The Garmin Forerunner family has long been a pretty great way to bring some science to your running. For the latest versions, what’s mostly not broke ain’t being fixed, but there are some neat-looking new features.
First up are the new Forerunner 230 and 235, the lower-end watches. The difference between the two is that the 235 uses an optical sensor in the watch to monitor heart rate, while the 230 needs to be paired with a more old-fashioned heart-rate strap.
Apart from that, both watches are pretty similar—and nearly identical to the Forerunner 220 and 225 that came before: simple, decent-looking GPS watches that sync to your phone to offer fitness tracking and smartwatch functionality. The biggest change this year is a 44 percent bigger color screen: it looks like Garmin’s slimmed down the bezel, which looks much better, and should make the watch easier to read when you’re starting to go cross-eyed from exhaustion.
The other interesting feature is one that’s trickled down from the higher-end 600-series Forerunner: VO2 Max estimation. Your VO2 Max is a measure of how efficiently your body uses oxygen. It’s an important number for anyone doing an endurance sport, but measuring it normally involves an awful treadmill test where you run until you puke.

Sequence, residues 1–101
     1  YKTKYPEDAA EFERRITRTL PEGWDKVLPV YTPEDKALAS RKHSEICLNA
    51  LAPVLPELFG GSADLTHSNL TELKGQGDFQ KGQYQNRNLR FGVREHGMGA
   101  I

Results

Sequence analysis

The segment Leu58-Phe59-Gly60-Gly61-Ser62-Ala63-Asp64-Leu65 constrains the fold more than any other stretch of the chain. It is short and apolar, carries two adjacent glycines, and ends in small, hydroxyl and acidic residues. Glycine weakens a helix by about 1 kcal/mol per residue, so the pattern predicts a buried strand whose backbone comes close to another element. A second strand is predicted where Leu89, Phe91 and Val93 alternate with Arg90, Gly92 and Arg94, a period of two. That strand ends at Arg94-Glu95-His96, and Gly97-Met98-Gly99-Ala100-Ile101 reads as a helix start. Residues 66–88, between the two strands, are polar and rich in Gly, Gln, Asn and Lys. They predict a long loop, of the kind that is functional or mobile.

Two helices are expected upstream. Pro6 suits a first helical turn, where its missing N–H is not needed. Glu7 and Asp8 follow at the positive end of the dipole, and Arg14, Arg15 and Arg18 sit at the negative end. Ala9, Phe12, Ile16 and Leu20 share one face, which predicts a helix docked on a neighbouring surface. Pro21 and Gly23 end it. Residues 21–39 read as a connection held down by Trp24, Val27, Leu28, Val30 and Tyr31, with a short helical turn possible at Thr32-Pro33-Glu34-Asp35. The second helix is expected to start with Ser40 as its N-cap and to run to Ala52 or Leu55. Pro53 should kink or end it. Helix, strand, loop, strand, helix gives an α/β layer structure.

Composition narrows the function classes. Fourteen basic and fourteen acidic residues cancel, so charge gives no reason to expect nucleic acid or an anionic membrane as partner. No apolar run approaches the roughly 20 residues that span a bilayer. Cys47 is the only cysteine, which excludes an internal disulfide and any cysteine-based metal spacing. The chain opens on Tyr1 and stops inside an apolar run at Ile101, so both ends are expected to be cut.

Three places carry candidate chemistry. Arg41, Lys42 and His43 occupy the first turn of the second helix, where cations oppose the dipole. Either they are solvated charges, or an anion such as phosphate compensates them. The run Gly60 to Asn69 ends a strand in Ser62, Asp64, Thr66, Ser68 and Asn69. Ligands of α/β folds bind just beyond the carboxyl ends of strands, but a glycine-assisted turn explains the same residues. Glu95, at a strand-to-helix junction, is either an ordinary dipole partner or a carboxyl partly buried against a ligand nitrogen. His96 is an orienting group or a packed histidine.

By plugging information about your heart rate, running speed, age and weight into an algorithm, Garmin can not only estimate your VO2 Max, but also predict race times and give you recovery intervals after workouts. It’s not groundbreakingly critical information, but it’s a neat way to bring the more complicated side of sports science to more average runners.
If you live for stats, though, Garmin has an update to its higher-end Forerunners just for you. The 630 is getting the same bigger screen as its cheaper cousins, but with a much longer list of things to measure, ranging from actually-useful cadence measurements, to dubiously-useful stress estimation.
Otherwise, it’s really just the same Forerunner 620 that we know and love: Wi-Fi syncs your data whenever you come home, Bluetooth pairs with your smartphone for all sorts of smartwatch-esque functions, and the GPS will track your every move when you’re actually out running.
Both watches will start shipping in a range of colors before the end of the year. The Forerunner 230 costs $300 with the heart-rate strap, while the strapless $235 will run you $330. If you want the step up, the 630 will start at $400, or $450 with the more advanced foot-tracking pod.